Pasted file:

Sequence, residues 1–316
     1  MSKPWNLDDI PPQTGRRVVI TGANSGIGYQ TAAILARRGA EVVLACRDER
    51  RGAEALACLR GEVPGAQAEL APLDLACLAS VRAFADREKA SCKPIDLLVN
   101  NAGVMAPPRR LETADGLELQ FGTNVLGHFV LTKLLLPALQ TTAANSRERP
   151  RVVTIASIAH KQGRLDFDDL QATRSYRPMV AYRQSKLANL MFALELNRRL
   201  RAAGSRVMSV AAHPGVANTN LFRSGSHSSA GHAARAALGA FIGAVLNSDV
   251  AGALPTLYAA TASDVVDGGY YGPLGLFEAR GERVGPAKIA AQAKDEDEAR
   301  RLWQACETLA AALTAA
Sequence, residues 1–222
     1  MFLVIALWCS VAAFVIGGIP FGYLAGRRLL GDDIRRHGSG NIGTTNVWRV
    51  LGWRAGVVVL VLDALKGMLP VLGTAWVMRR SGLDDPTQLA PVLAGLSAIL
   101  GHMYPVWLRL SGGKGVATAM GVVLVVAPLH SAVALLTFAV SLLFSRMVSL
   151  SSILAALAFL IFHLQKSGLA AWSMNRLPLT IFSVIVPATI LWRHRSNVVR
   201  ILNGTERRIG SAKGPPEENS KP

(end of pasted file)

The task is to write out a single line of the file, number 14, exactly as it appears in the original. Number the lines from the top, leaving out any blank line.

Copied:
   201  ILNGTERRIG SAKGPPEENS KP